How Fast Do Tennis Strings Lose Tension?

Tennis strings lose some tension during the stringing process. After the tension is applied, and the string is clamped, there will be some slight movement which reduces the tension by a few percent. This can be allowed by increasing the applied tension slightly. However, once the string is tied off, there will be further tension loss due to the characteristics of the string.

It is generally thought that a polyester string loses around 10% of its tension in the first 24 hours after stringing. The loss is significant but smaller for multifilament strings and natural gut. Subsequently, tension loss is slower, but is an unknown variable that top players are not prepared to risk.

The highest-ranked players will not only require a batch of freshly strung rackets every time they go out to play, but some will ask for these to be strung a specific amount of time before their scheduled start time in order to try to get a precisely consistent tension.

What Tension Do Pro Players Use?

The tensions the pros use will vary from time to time as they experiment and adjust for different playing conditions. The majority of the very best players use tensions in the mid-to-high range, but there are some interesting outliers.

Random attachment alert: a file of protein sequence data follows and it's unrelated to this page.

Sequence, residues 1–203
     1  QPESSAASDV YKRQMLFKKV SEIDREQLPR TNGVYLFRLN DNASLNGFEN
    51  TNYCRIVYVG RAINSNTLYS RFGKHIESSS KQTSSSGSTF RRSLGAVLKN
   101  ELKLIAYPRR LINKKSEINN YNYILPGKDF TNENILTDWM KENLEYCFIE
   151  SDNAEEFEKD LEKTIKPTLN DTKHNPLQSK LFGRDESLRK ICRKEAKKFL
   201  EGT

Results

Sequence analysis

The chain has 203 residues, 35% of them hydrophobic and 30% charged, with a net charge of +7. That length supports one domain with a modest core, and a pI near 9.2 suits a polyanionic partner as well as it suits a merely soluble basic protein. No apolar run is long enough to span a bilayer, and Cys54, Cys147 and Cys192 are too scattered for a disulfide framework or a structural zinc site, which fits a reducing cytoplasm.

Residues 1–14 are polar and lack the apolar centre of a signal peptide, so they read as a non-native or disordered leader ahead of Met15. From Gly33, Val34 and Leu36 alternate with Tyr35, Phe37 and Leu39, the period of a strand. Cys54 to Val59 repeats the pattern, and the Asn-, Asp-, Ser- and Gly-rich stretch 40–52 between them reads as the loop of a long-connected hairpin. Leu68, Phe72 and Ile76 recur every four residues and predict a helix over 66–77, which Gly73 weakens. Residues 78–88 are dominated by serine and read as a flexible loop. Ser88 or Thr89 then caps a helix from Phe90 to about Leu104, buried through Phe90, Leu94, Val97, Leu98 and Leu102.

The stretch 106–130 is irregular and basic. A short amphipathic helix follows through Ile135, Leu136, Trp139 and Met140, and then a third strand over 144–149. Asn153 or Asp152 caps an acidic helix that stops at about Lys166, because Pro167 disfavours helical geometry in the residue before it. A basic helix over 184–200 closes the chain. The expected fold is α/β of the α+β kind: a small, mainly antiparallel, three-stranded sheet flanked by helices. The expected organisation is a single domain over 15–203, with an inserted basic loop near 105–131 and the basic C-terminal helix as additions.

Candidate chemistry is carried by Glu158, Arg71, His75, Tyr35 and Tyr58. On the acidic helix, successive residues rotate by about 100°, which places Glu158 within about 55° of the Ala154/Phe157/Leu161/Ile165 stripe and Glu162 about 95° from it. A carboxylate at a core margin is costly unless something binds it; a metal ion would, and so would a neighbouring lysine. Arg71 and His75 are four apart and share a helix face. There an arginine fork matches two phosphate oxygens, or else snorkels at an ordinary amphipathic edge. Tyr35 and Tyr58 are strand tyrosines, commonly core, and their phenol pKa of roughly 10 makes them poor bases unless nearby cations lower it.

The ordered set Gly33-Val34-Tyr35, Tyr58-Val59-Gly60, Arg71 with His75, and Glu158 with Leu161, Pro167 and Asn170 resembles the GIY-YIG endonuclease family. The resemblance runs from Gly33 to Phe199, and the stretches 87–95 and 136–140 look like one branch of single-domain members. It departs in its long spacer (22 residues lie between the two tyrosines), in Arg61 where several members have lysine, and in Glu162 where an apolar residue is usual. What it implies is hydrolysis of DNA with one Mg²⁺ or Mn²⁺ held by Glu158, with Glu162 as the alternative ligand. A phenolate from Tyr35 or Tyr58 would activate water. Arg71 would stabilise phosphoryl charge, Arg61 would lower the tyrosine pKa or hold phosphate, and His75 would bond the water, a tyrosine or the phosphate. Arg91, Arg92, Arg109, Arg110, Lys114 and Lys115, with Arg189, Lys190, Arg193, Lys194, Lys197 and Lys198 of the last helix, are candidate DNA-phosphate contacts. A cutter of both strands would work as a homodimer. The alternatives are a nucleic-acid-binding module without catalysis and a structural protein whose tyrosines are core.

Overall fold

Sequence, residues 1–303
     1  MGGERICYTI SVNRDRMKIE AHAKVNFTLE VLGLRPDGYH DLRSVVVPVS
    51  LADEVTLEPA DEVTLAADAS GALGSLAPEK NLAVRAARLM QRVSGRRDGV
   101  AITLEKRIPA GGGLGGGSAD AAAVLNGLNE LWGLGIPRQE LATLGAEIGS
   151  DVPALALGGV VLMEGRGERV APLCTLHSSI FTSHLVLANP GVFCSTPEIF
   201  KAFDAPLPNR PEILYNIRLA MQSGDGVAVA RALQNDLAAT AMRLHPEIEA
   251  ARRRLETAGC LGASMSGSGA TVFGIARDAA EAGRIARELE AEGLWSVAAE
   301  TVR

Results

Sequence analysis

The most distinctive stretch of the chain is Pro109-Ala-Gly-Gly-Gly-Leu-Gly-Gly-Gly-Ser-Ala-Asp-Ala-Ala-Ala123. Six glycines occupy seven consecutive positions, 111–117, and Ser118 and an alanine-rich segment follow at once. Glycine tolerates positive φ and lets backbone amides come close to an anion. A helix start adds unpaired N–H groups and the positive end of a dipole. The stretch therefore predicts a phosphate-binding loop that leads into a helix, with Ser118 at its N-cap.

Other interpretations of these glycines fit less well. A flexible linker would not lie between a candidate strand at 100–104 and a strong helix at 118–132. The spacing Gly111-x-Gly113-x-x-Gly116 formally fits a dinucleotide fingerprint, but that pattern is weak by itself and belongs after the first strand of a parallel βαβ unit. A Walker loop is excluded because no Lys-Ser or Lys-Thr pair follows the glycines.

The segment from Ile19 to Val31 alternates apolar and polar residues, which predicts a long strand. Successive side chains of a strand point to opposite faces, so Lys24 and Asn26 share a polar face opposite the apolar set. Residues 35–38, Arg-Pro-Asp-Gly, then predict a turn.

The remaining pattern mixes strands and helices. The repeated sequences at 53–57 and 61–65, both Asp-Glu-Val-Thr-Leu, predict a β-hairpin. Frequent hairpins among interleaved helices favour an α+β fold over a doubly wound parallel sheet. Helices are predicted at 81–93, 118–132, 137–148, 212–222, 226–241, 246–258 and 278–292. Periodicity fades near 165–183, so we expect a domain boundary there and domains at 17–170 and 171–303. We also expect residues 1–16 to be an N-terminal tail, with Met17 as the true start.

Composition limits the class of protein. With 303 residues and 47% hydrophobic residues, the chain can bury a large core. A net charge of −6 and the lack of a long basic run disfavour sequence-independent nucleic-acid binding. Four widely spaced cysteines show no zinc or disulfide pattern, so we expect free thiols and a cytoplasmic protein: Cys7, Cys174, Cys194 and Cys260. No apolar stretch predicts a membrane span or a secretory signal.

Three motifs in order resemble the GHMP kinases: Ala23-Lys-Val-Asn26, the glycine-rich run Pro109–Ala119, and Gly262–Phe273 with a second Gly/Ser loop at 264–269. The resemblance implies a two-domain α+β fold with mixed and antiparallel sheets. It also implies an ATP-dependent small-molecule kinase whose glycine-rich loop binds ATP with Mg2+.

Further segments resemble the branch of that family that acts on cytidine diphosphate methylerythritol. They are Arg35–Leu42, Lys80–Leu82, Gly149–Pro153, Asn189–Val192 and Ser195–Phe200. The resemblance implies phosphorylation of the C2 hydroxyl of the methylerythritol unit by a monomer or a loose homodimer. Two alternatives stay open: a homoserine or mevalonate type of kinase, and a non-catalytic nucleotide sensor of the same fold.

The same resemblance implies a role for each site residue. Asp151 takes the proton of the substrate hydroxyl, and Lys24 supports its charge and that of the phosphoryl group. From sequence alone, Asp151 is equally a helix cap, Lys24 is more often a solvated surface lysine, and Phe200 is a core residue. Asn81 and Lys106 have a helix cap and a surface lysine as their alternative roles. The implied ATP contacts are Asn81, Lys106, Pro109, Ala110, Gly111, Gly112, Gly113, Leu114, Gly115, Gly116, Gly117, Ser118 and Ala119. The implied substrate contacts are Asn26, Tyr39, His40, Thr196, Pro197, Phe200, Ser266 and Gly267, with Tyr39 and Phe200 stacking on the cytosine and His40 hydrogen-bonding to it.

Roger Federer typically uses tensions in the range 55-60lbs, which is slightly above average for the racket he uses. Rafael Nadal uses a mid-range 55lbs, while Novak Djokovic, whose game is based on control and accuracy, uses a rather high 62-64lbs.

The Williams sisters also like a high tension, as flat, powerful hitters who require control, typically using around 65lbs. Jack Sock is an example of an aggressive player who finds it easy to generate spin and enjoys a lower tension, typically using around 35lbs.

Kei Nishikori, as a lightly-built player who needs power, is perhaps a less surprising example of a player who prefers tensions of under 40lbs. The unorthodox Mikhail Kukushkin, a player who likes to be able to generate power effortlessly, has been known to use tensions in the low twenties!

Final Thoughts

String tension is a personal choice. Some players crave control, and use a high tension, whereas others will enjoy the ‘springy’ feel of a low string tension. Club players would often benefit from trying a few different tensions, in order to find the feel that suits them best.

Gui Hadlich

I got a chance to play junior and professional tournaments across the world, and in 2015 I began playing as the #1 player for Pepperdine University, a great division 1 school. I’ve had the chance to play against great names of the new generation, like Christian Garin, Cameron Norrie, and Kyle Edmund. I’m extremely passionate about the mental and technical part of the game. Oh, and I had lunch with Brad Gilbert once.